Voting my gender or my convictions?

Feminism, according to the Dictionary, is, “the doctrine advocating social, political, and all other rights of women equal to those of men.”

So, if I vote for a man just because he is a man, that is bad.

And likewise, if I vote for a woman, just because she is a woman, isn’t that also bad?

But what if I think that a female President would be “better” or even “beneficial” just because she is female – isn’t that sexism? If not, why not?

Didn’t feminist’s spend my lifetime telling me and other women that there is no difference between men and women?  Or do they just think it is wrong to identify negative ways women are different than men?  But if you point out there are positive ways women are different (generalizations, of course) – more likely to compromise, more compassionate – feminists say this isn’t sexism!  Yes, it is.  Feminists and gender/sex equalists have told me over and over again that there ARE NO differences between the sexes, only those the society and culture have created.

Either there are differences, in general, between women and men (sexism) – or there are NO differences.  If there are no differences, why should I vote for someone just because of private parts?

If I point out the differences, am I a sexist?

If I don’t, why should I vote for a female just because she is female.  That is sexism.

I think I will just vote for the candidate whose beliefs are closest to mine – who wants to follow the Constitution regarding the size and scope of government, who believes the Bill of Rights are worth fighting for, and respects the idea of individual liberty and encourages personal responsibility over government mandate.  Male or female, white, black or some other shade – ideas should trump all.

Because Forgiveness is the ultimate Freedom

Yesterday, my nine-year old daughter did something wrong.  It wasn’t a mistake or a misunderstanding, but flat out wrong.  No matter how enticing it might look and how fun it might be to propel a glob of jello onto the ceiling using a spoon as a catapult, it was wrong.  And getting it stuck on the ceiling was evidence of the crime.

To her credit, she fessed up when the after-care helper noticed the mess.  But with no ladder immediately available, and a high ceiling to boot, there was no way for her to remedy the wrong at the time.  The after-care aide informed her that the headmaster at her small, private school was going to be notified.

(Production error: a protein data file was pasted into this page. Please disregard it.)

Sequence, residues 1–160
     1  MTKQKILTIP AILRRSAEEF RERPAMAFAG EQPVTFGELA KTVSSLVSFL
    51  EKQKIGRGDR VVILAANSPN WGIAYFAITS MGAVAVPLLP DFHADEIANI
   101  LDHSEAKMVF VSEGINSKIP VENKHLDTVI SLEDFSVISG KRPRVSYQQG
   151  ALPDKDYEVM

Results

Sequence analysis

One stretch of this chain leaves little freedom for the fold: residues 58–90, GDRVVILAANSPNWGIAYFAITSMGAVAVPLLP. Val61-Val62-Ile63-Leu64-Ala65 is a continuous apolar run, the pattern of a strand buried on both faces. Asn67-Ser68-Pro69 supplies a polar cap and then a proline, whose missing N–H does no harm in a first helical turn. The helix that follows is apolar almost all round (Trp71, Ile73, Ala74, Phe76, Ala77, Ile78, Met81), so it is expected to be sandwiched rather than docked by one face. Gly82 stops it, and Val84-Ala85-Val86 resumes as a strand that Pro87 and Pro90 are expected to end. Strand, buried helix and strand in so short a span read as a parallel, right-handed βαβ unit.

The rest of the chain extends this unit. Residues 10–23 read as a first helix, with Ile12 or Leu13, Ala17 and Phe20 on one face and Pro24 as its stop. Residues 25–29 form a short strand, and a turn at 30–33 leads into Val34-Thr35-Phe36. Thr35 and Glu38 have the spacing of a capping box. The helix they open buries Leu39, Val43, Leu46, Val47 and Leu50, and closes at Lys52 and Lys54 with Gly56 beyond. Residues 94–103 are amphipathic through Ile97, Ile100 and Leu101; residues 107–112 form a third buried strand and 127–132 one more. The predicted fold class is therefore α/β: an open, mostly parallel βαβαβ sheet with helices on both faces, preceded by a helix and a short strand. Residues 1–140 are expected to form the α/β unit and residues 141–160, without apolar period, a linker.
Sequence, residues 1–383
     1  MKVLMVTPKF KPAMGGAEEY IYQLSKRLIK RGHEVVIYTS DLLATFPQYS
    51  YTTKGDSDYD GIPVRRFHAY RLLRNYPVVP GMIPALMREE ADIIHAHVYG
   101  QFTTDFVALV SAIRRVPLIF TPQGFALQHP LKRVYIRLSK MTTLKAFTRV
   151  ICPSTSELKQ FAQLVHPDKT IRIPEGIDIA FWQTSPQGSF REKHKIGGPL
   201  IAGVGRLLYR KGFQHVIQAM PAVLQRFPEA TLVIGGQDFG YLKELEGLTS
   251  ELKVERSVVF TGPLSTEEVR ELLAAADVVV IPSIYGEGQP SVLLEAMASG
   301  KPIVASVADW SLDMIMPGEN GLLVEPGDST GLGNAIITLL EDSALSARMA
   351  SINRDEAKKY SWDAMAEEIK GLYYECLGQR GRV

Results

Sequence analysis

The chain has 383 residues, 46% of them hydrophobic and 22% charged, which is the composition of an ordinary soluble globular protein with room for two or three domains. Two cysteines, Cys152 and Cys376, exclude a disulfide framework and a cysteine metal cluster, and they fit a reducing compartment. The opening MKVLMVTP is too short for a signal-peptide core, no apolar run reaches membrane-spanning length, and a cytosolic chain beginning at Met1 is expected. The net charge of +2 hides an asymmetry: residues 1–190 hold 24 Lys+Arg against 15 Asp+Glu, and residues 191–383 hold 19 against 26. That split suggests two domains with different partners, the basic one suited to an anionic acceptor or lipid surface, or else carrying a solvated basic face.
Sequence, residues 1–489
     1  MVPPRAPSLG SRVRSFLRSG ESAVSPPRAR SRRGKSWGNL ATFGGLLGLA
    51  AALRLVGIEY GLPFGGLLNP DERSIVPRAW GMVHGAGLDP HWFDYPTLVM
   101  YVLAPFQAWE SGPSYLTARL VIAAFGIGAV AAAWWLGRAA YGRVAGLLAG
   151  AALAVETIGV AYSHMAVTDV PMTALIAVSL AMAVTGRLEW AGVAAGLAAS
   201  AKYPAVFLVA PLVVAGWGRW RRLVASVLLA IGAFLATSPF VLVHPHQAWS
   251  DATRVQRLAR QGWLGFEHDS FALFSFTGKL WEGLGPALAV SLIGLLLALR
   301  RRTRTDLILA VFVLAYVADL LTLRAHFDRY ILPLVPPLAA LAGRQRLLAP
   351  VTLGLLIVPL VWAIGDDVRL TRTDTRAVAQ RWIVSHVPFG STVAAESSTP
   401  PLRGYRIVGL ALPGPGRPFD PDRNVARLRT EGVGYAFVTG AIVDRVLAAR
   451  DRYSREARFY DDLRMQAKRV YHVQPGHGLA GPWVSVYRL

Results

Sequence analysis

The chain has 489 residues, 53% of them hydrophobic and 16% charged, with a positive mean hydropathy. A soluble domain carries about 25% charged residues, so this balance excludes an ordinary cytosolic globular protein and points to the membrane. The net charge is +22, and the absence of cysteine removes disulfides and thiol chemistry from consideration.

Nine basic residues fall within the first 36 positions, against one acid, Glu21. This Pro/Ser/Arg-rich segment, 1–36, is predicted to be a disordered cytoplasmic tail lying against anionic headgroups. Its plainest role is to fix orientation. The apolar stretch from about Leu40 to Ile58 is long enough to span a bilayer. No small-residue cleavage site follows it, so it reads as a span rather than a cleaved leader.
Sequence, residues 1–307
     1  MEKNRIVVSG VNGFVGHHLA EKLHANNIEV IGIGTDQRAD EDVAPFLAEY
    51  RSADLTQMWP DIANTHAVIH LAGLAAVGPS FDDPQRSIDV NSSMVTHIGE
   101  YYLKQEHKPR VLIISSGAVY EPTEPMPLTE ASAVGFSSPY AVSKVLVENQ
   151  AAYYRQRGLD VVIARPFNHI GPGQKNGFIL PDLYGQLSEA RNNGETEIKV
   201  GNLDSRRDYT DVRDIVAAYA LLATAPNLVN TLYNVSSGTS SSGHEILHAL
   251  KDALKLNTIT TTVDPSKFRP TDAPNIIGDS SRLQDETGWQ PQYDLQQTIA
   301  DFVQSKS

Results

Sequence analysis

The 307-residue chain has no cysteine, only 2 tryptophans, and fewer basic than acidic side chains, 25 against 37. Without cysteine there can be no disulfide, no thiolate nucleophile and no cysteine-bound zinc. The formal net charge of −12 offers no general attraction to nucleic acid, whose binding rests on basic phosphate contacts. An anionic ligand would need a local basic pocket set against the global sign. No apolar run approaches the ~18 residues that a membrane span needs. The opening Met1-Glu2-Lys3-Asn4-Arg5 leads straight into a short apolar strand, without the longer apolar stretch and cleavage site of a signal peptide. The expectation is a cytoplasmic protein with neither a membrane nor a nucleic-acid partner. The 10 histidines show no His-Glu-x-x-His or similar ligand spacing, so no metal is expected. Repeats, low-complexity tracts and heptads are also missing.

My daughter was distraught when she got in the car.  Her older siblings and I tried to contain our laughter, especially since her infraction was reminiscent of an incident several years ago involving chinese noodles and a very naughty little boy who has since transferred to another school. “We hope you don’t get expelled,” we joked, not realizing the depth of her despair.

When we got home, she was practically hysterical.  “You said confessing would make me feel better,” she cried, “but it doesn’t.”  Oh no!  Time for some real parenting here – how to transform this into a teachable moment.  “Well,” I said, “maybe you can write a letter of apology to the school.  And I am proud that you did confess.  In the end, you will feel better having told the truth.”

WIth all the confusion that evening, we forgot about writing the apology note.  In fact, I  forgot all about the incident until my phone rang this afternoon.  It was the headmaster calling.  “Major parenting fail”, I thought.

“Mrs. Ullman, I don’t know if you heard about the incident in after-care yesterday,” she began.  “Yes, I was aware of it,” I assured her, and started to apologize for the lack of  . . . something on my part.

“Well, I had a talk with your daughter this morning, and told her how proud I was of her for telling the truth about what she did.  She seems genuinely remorseful and even had a talk with the aide and expressed her remorse again.  We both assured her that she is forgiven.”

I mentioned that my daughter was very upset about it, and concerned that her confession had not made her feel better.  To which the headmaster replied, “Yes, we assured her that forgiveness means that she no longer has to carry the guilt of her actions around with her. She is free from the guilt, and must release it to accept her forgiveness.  We will not carry the memory with us, so she, too, must accept the freedom and return to her joyous self.”